Phase I/II pharmacokinetic and pharmacodynamic evaluation of two levonorgestrel-only contraceptive patches in a multicenter randomized trial

Carolyn L. Westhoff, Beatrice A. Chen, Jeffrey T. Jensen, Kurt Barnhart, Michael Thomas, Stephanie Teal, Diana Blithe

Research output: Contribution to journalArticlepeer-review

5 Scopus citations


Objectives: To evaluate the pharmacokinetic and pharmacodynamic effects of two novel levonorgestrel (LNG)-only contraceptive patches. Study Design: This multi-center Phase I/II trial randomized participants to use a 7-day transdermal patch designed to deliver a 40 mcg or 75 mcg daily LNG dose for 11 consecutive weeks; randomization was stratified by body mass index (BMI) <32 or 32–40 kg/m 2 . Evaluations occurred twice weekly for 5 weeks, then once weekly with supplemental visits for participants reporting a urinary LH surge. We evaluated pharmacokinetics via the weekly trough serum LNG concentrations (≥180 pg/mL considered therapeutic). The primary pharmacodynamic outcomes were cervical mucus and ovulation, evaluated using modified Insler cervical mucus scores and serum markers of ovulation. Results: Randomization yielded similar groups. Of 121 enrolled women, 117 contributed analyzable data. Overall, mean LNG concentrations achieved with use of the 75 mcg patch [value] were roughly double those seen with the 40 mcg dose. Concentrations achieved in higher-BMI women (BMI=32–40 kg/m 2 ) were 50% lower compared to lower-BMI women for both patches. During the study, 94/117 (80%) participants had at least one LNG concentration <180 pg/mL. Insler scores were ≥5 at least once in 102/117 (87%) of participants, and ovulation occurred at least once in 81/117 (69%). Sixty participants (51%) had at least one ovulation following an Insler score ≥5; this occurred most frequently among higher-BMI participants using the lower-dose patch (19/25, 76%). Conclusions: Women using two investigational LNG patches did not achieve consistent concentrations of LNG >180 pg/mL, an efficacy benchmark established in other studies with LNG implants, and they experienced high rates of ovulation as well as cervical mucus scores not supportive of high contraceptive efficacy. Implications: The novel LNG-only patches in this study may not adequately decrease pregnancy risk, particularly for higher-BMI women. Future studies of LNG-only contraceptive patches will need to employ higher LNG doses and assess the acceptability and safety of such dosing.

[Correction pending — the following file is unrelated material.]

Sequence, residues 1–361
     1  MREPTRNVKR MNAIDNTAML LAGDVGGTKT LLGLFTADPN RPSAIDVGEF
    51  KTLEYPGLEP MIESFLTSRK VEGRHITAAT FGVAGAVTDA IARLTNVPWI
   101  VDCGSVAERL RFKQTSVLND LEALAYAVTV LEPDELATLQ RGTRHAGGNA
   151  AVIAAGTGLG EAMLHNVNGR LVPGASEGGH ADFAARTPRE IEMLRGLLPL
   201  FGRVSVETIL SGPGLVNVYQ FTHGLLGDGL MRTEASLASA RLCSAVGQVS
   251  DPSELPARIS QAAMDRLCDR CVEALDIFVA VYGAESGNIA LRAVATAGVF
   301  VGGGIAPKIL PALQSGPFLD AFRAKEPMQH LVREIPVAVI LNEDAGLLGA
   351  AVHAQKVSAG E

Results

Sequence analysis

Original languageEnglish (US)
Pages (from-to)151-157
Number of pages7
Issue number2
StatePublished - Aug 2018


  • Cervical mucus
  • Contraceptive patch
  • Levonorgestrel
  • Ovulation suppression
  • Pharmacodynamics

ASJC Scopus subject areas

  • Reproductive Medicine
  • Obstetrics and Gynecology


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